New Zealand Brewers – Liquid Nitrogen Luplin Extract IPA

I like goofy weird things – I’m not afraid to admit I’m also not afraid to tell you that I love novel uses of things like liquid nitrogen. I’m just jealous I didn’t think of this first! The brewers at Garage Project in New Zealand decided to play with using liquid nitrogen to separate “pure” lupulin from a bunch of Nelson Sauvin hops and then use that to produce their Hop # IPA. It’s fairly novel and looks fairly straightforward. To explain the process, they crafted a loving tribute to Breaking Bad. So what do we see here? WARNING – Liquid Nitrogen is hazardously cold (-196C/-321F). Don’t be a knucklehead

  1. Weigh out your desired whole leaf hops
  2. Mix with liquid nitrogen in a safe container.
  3. Muddle the hops to thoroughly mix and lightly crush the hops
  4. Strain the hops from the LN.
  5. Pulverize the hops with a food processor into hop dust
  6. Pass the dust through a sieve to remove the less friable plant matter
  7. Add the resulting lupulin dust to the boil

To what effect? In their BeerAdvocate posting, they say they’ve used the process through the boil and yielded a smoother bitterness and delicate aroma. (Hey, aren’t those the same words used by First Wort Hop advocates?) I would suspect that part of the smoothness and bitterness effect is what they attribute it to – removal of plant matter. I would also suspect that it’s because you’re not getting the oils and beta acids. The method they’ve struck upon is much simpler than the typical supercritical CO2 process that is used to create hop extract like people find in Northern Brewer’s “Hop Shots” or straight in the can from Yakima Valley Hops. For that you expose the plant matter to extremely high levels of CO2 pressure (1500-4000 p.s.i.!) and receive out the other side a thick goopy oily extract. It’s potent as hell, but check out this video for why I still haven’t tackled my own extractions at home. It’s sorta terrifying to have that much pressure laying around in a homemade contraption. What do you think? Would you be willing to play around with “pure lupulin”? Lord knows I’ll be getting some liquid nitrogen, because why the hell not? Edited to add – Long time Falcon and now Portlander, Russ Dragon commented on Facebook that Breakside Brewery in Portland used a very similar technique with their fresh hop beer. Doing a quick search yields this article in “The New School”. And another one here from Bonus points – there’s even a video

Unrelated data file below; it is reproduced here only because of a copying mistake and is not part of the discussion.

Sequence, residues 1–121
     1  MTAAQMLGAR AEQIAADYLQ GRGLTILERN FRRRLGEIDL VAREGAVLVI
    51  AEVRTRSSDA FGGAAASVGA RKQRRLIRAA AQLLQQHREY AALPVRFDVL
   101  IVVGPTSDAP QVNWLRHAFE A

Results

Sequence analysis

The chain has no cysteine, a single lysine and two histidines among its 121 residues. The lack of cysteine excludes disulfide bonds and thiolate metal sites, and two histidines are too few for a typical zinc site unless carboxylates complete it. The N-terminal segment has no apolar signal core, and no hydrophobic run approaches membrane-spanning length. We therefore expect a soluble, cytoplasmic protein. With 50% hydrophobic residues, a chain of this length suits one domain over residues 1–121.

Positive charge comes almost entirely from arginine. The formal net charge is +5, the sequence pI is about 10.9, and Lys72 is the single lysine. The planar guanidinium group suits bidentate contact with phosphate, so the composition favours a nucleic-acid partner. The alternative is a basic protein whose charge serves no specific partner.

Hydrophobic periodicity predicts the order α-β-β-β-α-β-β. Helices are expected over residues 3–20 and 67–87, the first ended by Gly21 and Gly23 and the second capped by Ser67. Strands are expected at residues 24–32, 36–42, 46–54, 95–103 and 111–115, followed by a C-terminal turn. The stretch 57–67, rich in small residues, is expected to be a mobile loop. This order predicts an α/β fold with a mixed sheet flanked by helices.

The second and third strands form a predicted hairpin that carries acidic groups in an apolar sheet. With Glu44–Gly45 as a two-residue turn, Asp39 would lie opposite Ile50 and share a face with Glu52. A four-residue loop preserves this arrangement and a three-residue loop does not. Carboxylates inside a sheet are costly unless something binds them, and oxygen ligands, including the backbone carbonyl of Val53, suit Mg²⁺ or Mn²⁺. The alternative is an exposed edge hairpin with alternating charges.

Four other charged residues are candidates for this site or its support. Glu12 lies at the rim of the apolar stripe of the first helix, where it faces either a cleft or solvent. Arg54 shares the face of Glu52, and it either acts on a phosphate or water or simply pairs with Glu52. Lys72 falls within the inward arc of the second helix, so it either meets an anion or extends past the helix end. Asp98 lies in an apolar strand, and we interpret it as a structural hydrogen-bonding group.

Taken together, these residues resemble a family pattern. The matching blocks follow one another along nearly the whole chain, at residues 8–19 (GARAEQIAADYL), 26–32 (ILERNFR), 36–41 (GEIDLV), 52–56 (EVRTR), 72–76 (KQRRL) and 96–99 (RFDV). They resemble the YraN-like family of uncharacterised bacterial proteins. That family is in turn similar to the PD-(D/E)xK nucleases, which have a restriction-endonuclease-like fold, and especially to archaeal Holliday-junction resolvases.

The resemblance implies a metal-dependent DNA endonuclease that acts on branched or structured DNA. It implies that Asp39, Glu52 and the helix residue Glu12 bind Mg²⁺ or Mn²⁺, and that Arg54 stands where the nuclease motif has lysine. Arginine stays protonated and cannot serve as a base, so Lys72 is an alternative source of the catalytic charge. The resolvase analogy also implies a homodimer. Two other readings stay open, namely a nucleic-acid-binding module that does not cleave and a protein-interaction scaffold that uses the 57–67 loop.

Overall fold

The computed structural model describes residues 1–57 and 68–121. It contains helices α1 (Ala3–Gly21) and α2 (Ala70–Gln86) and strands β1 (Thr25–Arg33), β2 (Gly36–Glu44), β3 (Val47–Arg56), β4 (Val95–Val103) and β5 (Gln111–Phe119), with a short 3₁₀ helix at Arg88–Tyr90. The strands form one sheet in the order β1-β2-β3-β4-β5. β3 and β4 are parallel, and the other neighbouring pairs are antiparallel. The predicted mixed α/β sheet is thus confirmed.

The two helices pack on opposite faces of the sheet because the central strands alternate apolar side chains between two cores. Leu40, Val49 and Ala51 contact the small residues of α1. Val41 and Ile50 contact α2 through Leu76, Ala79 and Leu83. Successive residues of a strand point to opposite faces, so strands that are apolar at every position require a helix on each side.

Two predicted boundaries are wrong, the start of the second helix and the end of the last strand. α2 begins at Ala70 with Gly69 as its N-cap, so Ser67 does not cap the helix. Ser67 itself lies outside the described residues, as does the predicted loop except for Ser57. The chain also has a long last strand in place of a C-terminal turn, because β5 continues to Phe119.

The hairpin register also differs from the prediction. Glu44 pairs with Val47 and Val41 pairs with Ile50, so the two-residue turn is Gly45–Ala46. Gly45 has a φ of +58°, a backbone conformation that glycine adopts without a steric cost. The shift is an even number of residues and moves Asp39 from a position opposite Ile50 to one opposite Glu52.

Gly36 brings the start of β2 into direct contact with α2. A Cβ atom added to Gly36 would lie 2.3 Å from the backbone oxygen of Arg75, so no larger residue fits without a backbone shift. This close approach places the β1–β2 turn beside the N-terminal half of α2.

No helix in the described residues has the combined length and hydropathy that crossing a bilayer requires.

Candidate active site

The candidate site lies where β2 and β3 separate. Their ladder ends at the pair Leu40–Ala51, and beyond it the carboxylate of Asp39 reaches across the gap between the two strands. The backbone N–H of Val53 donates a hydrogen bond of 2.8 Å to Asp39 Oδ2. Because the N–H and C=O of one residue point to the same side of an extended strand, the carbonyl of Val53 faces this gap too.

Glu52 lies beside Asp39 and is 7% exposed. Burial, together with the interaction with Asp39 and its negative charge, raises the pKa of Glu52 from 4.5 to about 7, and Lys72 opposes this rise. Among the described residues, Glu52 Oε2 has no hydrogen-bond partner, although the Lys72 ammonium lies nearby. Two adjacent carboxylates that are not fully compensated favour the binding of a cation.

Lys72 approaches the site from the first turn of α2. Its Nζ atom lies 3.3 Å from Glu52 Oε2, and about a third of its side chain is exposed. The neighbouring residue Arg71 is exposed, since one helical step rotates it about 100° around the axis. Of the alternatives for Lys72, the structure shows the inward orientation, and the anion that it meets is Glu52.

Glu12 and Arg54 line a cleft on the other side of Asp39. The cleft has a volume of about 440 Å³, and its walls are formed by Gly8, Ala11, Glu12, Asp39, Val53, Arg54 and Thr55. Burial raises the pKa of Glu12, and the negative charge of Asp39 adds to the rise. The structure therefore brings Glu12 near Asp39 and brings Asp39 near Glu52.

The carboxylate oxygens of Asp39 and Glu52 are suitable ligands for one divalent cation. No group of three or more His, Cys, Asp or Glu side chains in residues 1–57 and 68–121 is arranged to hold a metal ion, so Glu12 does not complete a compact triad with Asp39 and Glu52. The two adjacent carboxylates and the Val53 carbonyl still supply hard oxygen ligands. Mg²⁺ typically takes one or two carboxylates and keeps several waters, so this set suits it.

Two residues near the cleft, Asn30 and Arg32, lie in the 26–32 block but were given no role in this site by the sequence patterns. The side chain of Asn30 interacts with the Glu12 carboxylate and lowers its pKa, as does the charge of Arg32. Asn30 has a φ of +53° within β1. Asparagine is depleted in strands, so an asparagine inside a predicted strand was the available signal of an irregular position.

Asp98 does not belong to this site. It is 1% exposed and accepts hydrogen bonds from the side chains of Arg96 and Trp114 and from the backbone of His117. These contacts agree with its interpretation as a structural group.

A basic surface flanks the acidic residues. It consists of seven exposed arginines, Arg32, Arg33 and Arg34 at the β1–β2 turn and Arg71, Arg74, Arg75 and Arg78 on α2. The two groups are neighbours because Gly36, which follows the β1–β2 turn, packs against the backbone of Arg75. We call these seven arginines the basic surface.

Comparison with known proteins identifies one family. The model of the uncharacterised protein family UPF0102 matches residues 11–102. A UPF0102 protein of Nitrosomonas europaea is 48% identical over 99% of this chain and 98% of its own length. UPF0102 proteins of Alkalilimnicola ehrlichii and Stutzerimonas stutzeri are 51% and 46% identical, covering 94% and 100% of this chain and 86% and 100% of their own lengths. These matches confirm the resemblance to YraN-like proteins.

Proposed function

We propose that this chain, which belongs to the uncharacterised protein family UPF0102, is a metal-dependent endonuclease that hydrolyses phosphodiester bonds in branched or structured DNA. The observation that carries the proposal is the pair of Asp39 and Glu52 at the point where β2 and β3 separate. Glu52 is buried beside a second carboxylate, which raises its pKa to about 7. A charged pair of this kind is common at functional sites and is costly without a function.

Breakside Fresh Hop 2014 from Ritch Marvin on Vimeo.

Looking at Breakside’s process, they’re using liquid nitrogen as a shattering agent to break open lupulin and not separating it from the green matter. Should yield a very different result, but it’s still no less interesting.